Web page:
How Doctors Can Transmit Patient Data Securely
The following guest post on protecting patient data was submitted by Heather Lomax.
Communication efforts in the last few years have greatly advanced between doctor and patient. Instead of having patients drive out for a visit or make drawn-out phone calls every time something needs to be discussed, some doctors’ offices have started to use online portals and email correspondence with patients. These options are extremely efficient, but they also place patients at a higher risk of medical identity theft. Therefore, special measurements need to be taken in safely transmitting patient data.
PHI Data and Email Encryption
First and foremost, patients need to make sure their devices are encrypted when they access medical data. Not operating on such a system places data at risk for theft with ease. Therefore, portals offering medical data need to be encrypted as well. Patients should be made aware that if their computers at home are not secure, then they place their data at risk there as well. Sending patients emails also requires another degree of encryption.
Different Types of Email
Several types of emails exist when it comes to safely transmit data information to patients. For web-based email applications, doctors’ offices and patients alike need to use accounts with HTTPS encryption. This method is the only means by which web-based email is secure. The email is sent to a patient should also be encrypted using either PGP encryption methods or Symantec Digital IDs. In both of these aspects, each email comes with its encryption.
Use Cloud Services for Fax and Email
HIPAA regulations make specific claims about how data should be transmitted between office and patient. One of the methods to use for this communication relies on cloud services for both faxes and emails. These cloud services have their own firewalls and encryption procedures, and they make certain that data only goes to a specific location. More often than not, a specific receiver has to acknowledge that they accept fax. A VPN access code can be used for this process.
As passwords become obsolete and even unsafe for healthcare data security, biometric identification is steadily rising in practice when it comes to accessing sensitive information. With passwords comes the potential of breaches in security, even with the most carefully crafted codes. However, with the use of fingerprint analysis, retina scans, and facial recognition software, it’s nearly impossible for identity fraud to take place since these characteristics cannot simply be imitated. And not only does it reduce the risk of billing fraud – it also prevents deadly medication errors, improves response rates to medical emergencies, and expedites health information exchange services (which will be discussed in the next section).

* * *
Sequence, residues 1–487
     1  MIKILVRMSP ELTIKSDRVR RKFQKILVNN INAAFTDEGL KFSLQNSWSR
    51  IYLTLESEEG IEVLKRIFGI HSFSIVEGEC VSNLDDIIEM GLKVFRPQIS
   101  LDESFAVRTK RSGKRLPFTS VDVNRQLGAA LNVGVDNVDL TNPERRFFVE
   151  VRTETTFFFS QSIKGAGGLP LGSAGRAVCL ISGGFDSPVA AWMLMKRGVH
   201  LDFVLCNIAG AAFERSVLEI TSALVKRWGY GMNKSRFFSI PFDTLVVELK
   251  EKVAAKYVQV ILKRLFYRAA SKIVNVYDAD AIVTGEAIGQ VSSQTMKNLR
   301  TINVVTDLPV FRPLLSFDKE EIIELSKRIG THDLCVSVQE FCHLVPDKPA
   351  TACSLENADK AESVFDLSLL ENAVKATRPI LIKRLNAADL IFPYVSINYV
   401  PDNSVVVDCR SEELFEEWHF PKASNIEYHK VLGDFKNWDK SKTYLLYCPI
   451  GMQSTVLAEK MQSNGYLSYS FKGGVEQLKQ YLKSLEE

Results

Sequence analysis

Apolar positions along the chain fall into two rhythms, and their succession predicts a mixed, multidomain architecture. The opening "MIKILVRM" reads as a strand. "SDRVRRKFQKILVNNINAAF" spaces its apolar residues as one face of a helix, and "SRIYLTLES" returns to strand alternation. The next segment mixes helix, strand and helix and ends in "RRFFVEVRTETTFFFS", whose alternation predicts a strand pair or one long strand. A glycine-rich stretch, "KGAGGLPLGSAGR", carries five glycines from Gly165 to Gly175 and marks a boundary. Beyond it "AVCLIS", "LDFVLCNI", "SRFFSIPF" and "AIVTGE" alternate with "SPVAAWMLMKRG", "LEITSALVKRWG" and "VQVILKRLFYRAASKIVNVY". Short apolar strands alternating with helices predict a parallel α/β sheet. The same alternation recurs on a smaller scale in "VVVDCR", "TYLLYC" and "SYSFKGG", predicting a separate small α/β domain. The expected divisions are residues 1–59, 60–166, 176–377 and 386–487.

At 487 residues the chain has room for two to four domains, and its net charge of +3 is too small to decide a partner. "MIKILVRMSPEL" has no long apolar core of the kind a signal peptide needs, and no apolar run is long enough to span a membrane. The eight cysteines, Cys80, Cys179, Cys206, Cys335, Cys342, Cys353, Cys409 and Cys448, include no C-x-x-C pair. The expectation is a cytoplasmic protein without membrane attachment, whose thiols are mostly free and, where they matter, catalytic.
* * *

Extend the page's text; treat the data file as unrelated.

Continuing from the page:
Use Three Different Forms of Health Info Exchange
When in doubt, doctors’ offices should use three, distinct methods of Health Information Exchange (HIE) with patients and other medical offices. The first type is directed change, where data can be sent and received securely through an electronic medium between providers and coordinated support care. The second option is a query-based exchange, which offers providers the opportunity to find and request information from patients and other providers when unplanned care takes place. Finally, doctors’ offices can use consumer mediated exchanges, a method that allows patients to have control over data and how it is used among different providers.
A great deal of options is available when it comes to transmitting electronic patient data. Rather than relying on flimsy means of protection, alternative options with tighter security like encrypted care, biometric identification, and HIE paths should be implemented instead. If your practice or hospital can introduce even one of these methods as part of their data transfer strategies, you’ll notice a great improvement in workplace efficiency as well as security for your patients.
Heather Lomax is a contributing writer and media relations specialist for Blaze Systems. She writes articles for a variety of medtech blogs, discussing solutions for optimizing healthcare data protection and clinical technology.
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